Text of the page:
DigiTimes had an interview with NVIDIA vice president of product marketing Ujesh Desai about GPGPU computing. You can read it over here.
Nvidia built its name around satisfying PC gamers' desire for better graphics, higher resolutions, and higher frame rates, from one GPU generation to the next. But around five years ago the Santa Clara-based chipmaker started looking beyond just 3D performance to a future where GPUs could be used for more than just rendering graphics.
General-purpose computing on graphics processing units (GPGPU) or GPU compute has already taken off in industries such as scientific modeling, where GPUs are used to run complex mathematical models sometimes tens or even hundreds of times faster than they could be performed on a CPU.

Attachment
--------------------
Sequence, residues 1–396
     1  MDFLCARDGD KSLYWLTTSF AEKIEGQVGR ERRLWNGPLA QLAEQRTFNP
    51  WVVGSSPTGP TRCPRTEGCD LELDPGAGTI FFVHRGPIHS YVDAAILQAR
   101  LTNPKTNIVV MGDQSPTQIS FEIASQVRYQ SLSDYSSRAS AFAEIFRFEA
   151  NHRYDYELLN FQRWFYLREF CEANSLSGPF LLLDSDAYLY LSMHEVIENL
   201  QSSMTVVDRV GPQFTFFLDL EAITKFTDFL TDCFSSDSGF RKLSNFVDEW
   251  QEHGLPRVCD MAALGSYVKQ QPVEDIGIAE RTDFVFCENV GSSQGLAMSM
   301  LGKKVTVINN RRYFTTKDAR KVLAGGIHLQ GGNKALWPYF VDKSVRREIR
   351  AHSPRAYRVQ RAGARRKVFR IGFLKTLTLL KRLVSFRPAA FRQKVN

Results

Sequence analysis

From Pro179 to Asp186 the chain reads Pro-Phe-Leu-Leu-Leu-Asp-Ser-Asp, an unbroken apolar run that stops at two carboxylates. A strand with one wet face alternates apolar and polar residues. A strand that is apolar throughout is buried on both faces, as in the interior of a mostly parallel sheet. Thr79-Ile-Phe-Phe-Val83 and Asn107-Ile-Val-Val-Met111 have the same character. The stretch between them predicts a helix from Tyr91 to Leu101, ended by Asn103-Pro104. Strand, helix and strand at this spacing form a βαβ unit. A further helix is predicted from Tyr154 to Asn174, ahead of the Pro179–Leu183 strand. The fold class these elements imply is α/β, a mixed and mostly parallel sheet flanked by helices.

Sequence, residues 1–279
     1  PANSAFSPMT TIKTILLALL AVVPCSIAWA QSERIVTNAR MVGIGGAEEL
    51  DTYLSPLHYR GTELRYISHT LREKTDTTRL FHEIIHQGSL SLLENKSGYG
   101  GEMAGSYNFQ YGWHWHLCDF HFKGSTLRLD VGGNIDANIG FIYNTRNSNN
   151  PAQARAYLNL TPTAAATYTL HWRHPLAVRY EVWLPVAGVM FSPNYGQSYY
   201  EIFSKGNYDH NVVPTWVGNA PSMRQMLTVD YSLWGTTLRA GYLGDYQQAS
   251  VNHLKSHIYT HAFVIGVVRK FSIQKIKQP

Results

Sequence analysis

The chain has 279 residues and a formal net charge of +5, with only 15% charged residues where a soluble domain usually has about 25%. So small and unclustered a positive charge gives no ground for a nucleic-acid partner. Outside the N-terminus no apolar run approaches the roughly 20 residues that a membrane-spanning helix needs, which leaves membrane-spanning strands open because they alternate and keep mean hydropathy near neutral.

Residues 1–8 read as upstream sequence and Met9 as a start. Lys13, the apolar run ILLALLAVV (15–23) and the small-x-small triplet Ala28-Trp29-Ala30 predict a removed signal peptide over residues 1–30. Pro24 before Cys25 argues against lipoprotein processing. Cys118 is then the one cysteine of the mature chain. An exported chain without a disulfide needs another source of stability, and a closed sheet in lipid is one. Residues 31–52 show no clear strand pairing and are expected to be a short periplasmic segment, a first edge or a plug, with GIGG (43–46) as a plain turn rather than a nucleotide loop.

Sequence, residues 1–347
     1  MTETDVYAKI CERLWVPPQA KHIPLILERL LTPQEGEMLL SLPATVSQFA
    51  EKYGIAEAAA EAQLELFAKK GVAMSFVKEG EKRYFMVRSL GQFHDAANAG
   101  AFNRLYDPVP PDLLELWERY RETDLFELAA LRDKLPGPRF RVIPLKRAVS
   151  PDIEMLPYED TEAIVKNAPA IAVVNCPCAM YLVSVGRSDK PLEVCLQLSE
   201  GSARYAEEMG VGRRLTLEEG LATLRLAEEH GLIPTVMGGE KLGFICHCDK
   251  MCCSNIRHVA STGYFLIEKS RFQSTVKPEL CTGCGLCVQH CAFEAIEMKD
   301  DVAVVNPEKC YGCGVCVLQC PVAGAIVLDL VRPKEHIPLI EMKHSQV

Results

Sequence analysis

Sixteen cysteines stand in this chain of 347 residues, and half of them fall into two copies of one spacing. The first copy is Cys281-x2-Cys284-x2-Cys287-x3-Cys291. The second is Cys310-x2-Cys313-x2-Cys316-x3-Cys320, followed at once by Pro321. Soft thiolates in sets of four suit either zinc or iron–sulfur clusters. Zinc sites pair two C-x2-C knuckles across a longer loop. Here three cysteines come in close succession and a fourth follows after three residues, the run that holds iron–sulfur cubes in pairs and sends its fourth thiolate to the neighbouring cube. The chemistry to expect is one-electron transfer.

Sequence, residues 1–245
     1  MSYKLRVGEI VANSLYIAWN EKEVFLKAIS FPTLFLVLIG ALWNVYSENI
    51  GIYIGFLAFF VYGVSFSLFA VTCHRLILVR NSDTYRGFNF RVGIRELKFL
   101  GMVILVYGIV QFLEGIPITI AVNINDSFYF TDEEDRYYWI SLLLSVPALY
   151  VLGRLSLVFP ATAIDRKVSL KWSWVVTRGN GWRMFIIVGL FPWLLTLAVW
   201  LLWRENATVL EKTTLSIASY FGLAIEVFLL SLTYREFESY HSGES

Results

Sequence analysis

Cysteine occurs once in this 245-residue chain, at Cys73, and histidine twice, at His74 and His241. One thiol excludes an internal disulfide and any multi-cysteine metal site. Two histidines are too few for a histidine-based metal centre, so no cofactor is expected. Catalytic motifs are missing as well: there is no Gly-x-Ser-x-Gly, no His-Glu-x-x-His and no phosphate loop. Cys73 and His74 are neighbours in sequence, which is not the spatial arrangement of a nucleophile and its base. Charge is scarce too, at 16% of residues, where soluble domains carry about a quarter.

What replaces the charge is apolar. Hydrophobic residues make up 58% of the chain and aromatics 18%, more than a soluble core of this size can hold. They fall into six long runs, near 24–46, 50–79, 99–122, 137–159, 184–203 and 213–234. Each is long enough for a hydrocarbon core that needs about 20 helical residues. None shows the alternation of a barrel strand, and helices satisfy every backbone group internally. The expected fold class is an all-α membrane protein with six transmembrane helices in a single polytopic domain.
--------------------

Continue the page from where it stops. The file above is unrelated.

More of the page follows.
But later this year, GPU compute will also start to make inroads into the consumer market as both Microsoft and Apple introduce their latest operating systems, both of which have been designed to leverage GPU resources to improve performance when performing common activities such as watching high-definition video and editing photos.